Writing with watercolor
Watercolor consists of pigments which are mixed with water and a binding agent (like gum arabic). They are available in liquid form in tubes, or in solid form in small pans. For calligraphic purposes you can go with the inexpensive palettes that usually come with a lot of colors.
Tubes are easier to handle when you need large batches of paint, plus you can dip the nib directly into your mixing container. Solid paint has to be applied to the nib with a brush.
- Watercolor from a tube is practically ready to use: you only have to add a bit of water in an extra container until it has the consistency of whole milk (I’ve explained here in depth how you mix colors). Watercolor can be diluted up to the point where it’s almost translucent.
- Watercolor that comes in solid bricks has to be softened with a bit of water and is applied on to the nib with a paintbrush.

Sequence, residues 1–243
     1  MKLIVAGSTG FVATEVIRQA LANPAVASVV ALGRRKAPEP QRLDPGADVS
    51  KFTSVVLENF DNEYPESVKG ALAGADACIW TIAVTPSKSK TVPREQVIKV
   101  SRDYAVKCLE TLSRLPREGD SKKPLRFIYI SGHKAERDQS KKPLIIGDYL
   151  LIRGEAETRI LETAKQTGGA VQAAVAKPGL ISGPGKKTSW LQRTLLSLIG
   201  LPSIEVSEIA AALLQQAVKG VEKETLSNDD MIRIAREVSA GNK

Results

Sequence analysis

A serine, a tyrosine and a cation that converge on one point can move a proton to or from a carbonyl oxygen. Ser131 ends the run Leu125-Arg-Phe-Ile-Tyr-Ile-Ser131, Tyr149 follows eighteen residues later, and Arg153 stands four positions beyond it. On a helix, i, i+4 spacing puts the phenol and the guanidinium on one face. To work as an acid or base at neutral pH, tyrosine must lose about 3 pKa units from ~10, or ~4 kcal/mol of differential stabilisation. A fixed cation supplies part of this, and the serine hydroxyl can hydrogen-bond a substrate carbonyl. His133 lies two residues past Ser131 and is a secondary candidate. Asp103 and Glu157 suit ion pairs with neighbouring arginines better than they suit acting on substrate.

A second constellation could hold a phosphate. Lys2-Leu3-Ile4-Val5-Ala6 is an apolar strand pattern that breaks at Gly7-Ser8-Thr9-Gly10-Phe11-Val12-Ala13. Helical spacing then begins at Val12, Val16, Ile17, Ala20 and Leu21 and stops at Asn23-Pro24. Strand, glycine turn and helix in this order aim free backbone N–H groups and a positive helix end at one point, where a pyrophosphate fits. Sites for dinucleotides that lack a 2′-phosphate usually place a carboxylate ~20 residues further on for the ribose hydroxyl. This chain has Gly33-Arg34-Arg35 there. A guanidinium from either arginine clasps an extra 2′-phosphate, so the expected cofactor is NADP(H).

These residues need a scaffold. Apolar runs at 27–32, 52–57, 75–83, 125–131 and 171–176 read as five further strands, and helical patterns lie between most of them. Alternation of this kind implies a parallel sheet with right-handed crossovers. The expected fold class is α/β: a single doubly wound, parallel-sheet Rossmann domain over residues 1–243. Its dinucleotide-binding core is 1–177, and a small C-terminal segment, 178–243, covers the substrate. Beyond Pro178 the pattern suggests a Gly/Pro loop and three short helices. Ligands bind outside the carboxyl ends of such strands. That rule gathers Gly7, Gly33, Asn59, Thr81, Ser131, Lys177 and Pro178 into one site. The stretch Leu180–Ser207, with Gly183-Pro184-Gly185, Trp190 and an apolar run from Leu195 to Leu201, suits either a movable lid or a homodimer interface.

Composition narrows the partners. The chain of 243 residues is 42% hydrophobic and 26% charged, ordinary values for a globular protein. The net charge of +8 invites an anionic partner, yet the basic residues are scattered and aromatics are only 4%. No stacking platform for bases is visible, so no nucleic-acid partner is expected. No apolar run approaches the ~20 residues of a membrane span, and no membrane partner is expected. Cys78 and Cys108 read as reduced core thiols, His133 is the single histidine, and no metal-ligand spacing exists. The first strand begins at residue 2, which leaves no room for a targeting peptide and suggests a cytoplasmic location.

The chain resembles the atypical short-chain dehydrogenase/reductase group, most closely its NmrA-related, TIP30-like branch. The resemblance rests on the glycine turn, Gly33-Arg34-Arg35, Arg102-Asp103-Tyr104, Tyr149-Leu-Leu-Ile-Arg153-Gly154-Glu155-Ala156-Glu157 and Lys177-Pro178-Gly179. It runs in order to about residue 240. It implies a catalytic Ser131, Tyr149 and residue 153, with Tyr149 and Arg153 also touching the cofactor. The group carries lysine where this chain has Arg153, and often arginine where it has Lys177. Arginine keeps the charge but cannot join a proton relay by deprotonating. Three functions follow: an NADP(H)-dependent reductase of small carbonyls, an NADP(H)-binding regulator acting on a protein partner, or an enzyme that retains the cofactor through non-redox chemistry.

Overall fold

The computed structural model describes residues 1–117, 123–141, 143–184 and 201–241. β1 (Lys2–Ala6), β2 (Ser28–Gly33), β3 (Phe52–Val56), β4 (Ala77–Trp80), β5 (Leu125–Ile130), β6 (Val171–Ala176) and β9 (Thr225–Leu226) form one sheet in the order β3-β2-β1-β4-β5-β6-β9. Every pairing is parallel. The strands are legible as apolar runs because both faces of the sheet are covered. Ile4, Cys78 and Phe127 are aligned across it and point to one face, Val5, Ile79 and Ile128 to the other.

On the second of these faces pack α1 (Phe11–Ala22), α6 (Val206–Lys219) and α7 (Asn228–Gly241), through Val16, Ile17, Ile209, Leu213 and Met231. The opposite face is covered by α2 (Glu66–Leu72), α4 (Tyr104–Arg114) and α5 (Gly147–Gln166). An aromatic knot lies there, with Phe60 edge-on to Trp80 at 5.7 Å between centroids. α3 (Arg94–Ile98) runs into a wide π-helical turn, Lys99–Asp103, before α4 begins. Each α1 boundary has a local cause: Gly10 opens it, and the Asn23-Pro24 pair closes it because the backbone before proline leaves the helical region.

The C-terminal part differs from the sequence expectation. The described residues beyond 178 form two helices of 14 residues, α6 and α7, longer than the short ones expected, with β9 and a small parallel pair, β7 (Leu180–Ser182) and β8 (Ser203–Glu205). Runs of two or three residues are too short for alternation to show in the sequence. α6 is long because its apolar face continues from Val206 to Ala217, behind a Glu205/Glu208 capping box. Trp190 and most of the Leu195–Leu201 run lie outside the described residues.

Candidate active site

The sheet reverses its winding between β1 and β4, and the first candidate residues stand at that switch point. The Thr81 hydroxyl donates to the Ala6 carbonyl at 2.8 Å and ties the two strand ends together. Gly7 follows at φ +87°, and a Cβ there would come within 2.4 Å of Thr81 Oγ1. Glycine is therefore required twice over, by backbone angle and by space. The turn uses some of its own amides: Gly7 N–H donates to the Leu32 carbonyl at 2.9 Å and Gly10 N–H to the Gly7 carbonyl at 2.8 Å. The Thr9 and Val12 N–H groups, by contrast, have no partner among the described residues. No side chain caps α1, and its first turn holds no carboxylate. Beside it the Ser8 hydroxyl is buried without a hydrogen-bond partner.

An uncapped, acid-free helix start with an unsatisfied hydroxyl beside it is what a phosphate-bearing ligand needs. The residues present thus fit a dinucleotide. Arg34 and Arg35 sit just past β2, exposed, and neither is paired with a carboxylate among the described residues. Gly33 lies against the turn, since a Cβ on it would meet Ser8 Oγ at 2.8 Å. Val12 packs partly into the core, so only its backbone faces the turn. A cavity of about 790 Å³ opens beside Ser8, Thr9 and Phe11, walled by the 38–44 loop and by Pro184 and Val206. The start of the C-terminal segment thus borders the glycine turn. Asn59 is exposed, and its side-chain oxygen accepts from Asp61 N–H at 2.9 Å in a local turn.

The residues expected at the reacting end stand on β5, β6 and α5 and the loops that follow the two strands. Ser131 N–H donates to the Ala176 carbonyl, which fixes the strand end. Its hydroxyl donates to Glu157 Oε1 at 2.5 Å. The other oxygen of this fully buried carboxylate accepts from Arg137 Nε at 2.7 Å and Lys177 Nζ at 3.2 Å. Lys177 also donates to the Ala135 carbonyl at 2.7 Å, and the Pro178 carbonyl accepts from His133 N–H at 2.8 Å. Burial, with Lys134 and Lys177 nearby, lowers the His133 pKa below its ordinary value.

The right writing technique for watercolor
Watercolor runs out of the nib very quickly, the thicker the paint, the more often you’ll have to refill. The color changes while you write and becomes more translucent – this is an effect you might know from very thin ink, where it’s not desired. For calligraphy with watercolor it’s a beautiful effect.
Apart from that, the writing technique is the same as with ink. Watercolor and calligraphy go very well together, especially when you choose the right paper.
Tips and tricks
- Since watercolor is very thin, it doesn’t usually clog the nib – of course it should be cleaned well at the end.
- If the paint doesn’t flow from the nib, it’s either to thick and should be thinned further, or you can just dip the very tip of your nib into water.
- For achieving a beautiful changing effect, in which the color change in the midst of a word you can apply different colors with a brush. The new color should always be applied behind the old one on the nib.